What’s a Biodiversity Hotspot?

A Biodiversity Hotspot is a region with a significant reservoir of plants, animals, and other life that is under threat from humans.


Biodiversity hotspots are home to irreplaceable and threatened plants, animals, and landscapes. Many also represent an opportunity to conserve the largest and most intact representative of their ecosystem.

To qualify as a biodiversity hotspot, a region must meet two strict criteria:

  1. It must have at least 1,500 vascular plants as endemics — which is to say, it must have a high percentage of plant life found nowhere else on the planet. A hotspot, in other words, is irreplaceable.
  2. It must have 30% or less of its original natural vegetation. In other words, it must be threatened.

Around the world, 35 areas qualify as hotspots.

They represent just 2.3% of Earth’s land surface, but they support more than half of the world’s plant species as endemics — i.e., species found no place else — and nearly 43% of bird, mammal, reptile and amphibian species as endemics.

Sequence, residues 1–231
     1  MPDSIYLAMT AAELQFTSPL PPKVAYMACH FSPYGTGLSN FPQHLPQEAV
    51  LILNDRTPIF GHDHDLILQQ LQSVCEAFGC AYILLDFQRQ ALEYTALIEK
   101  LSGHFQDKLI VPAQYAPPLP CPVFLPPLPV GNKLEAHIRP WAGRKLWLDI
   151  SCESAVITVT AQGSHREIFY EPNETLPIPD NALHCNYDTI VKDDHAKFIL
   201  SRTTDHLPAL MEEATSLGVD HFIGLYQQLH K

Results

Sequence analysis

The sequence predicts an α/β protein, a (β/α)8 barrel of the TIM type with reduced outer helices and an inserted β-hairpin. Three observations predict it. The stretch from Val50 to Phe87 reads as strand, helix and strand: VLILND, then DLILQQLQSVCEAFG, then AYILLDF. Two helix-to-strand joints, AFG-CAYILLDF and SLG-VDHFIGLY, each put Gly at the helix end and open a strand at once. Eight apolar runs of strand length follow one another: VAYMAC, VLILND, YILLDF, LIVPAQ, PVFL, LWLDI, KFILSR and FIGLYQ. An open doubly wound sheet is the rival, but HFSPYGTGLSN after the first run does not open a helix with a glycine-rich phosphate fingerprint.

Want to know more?

Watch this video from California Academy of Sciences about biodiversity and its distribution around the world.

To take your knowledge further, dive into their mini-class on biodiversity.


Biodiversity hotspots are fundamental to the work of the World Wildlife Fund, Conservation International, and the Critical Ecosystem Partnership Fund, to name just a few.

Visit their websites to find out what they are doing to preserve and protect Biodiversity Hotspots.



Myers, N., Mittermeier, R., Mittermeier, C., da Fonseca, G., & Kent, J. (2000). Biodiversity hotspots for conservation priorities. Nature, 403, 853-858. FULL PAPER

Williams, K.J., et al. (2011). Forests of East Australia: The 35th Biodiversity Hotspot. In Zachos, F.E. & Habel, J.C. (Eds.). Biodiversity Hotspots: Distribution and Protection of Conservation Priority Areas. (pp. 295-310). Springer. FULL PAPER

Marchese, C. (2015). Review paper: Biodiversity hotspots: A shortcut for a more complicated concept. Global Ecology And Conservation, 3297-309. doi:10.1016/j.gecco.2014.12.008 FULL PAPER

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